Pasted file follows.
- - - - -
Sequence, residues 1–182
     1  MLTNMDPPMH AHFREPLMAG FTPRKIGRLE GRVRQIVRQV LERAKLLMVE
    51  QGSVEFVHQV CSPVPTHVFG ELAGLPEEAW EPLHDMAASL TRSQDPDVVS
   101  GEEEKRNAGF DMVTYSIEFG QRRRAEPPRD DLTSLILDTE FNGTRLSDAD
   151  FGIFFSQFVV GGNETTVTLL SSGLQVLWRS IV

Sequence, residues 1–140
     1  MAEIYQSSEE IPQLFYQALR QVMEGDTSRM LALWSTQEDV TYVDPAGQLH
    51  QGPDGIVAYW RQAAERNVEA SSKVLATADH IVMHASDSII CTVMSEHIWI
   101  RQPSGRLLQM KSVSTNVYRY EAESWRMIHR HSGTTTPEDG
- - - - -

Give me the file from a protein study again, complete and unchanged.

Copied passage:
Sequence, residues 1–182
     1  MLTNMDPPMH AHFREPLMAG FTPRKIGRLE GRVRQIVRQV LERAKLLMVE
    51  QGSVEFVHQV CSPVPTHVFG ELAGLPEEAW EPLHDMAASL TRSQDPDVVS
   101  GEEEKRNAGF DMVTYSIEFG QRRRAEPPRD DLTSLILDTE FNGTRLSDAD
   151  FGIFFSQFVV GGNETTVTLL SSGLQVLWRS IV

Sequence, residues 1–140
     1  MAEIYQSSEE IPQLFYQALR QVMEGDTSRM LALWSTQEDV TYVDPAGQLH
    51  QGPDGIVAYW RQAAERNVEA SSKVLATADH IVMHASDSII CTVMSEHIWI
   101  RQPSGRLLQM KSVSTNVYRY EAESWRMIHR HSGTTTPEDG